The mowers had been idle in the shed for months, but they cranked right up.

There is a long list of maintenance rules for the mowers, which I ignore in much the same way I ignore everything that stands between me and noisy fun.

Oil? Check. Gas? Topped off. Let’s rock!

One must also believe the mower will start. It is very important to have faith in the machine. Do not assume there will be trouble. Do not let doubt cloud your mind. This angers the machine gods.

If you had to mow the Ponderosa every week, you would indulge in some magical realism, too.

Bob Johnson loves the riding mower. He stays about ten yards ahead of me in order to convince himself he is being chased, which is always more fun than not being chased.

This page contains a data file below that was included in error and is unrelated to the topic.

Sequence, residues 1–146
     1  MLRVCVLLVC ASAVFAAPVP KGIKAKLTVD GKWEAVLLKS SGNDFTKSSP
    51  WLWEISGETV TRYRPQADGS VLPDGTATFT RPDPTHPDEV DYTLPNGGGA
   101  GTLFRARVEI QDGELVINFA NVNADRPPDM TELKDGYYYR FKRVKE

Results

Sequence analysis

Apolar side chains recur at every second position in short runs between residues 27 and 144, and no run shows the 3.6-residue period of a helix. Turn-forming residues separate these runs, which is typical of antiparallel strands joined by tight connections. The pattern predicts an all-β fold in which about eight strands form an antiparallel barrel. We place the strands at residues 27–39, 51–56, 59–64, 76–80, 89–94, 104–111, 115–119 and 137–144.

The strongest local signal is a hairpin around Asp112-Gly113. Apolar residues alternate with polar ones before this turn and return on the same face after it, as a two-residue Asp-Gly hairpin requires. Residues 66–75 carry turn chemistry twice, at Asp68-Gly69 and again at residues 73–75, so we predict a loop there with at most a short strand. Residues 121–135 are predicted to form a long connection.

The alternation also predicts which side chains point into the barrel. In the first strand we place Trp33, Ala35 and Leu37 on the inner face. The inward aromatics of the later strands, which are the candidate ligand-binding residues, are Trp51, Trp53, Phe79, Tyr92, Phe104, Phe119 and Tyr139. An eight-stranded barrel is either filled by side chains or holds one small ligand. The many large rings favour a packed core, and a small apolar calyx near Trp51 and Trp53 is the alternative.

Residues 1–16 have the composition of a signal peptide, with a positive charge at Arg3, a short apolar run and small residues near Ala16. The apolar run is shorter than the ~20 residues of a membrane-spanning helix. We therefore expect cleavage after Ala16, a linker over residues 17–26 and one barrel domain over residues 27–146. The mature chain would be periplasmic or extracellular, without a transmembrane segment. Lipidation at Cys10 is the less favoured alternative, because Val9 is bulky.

This is not Thunderdome, Bob Johnson. I don’t ever catch you because I’m not chasing you. I am making the grass shorter, you dope. The only thing you are winning is best supporting goober.

John Hicks

Lately I’ve fallen into the routine of putting my alarm clock on the radio setting.

Instead of the usual hellish bleat (a suitable warning for nuclear attack or biohazard breach), I am treated to the susurrations of those crazed liberals over at NPR.

You know the bunch I’m talking about. They can’t wait for the second Obama term so they can take to the streets singing “La Marseillaise” and start chopping the heads off Real Americans.

Liberalism leads to socialism, communism and, finally, soccer. Then Satan appears on the pitch and all kinds of gnarly CGI is unleashed. Yep. That’s how it all goes down.

John Hicks

This is my first post from the newly improved Executive Cowboy Lounge, high atop Coburn Mountain, Alabama.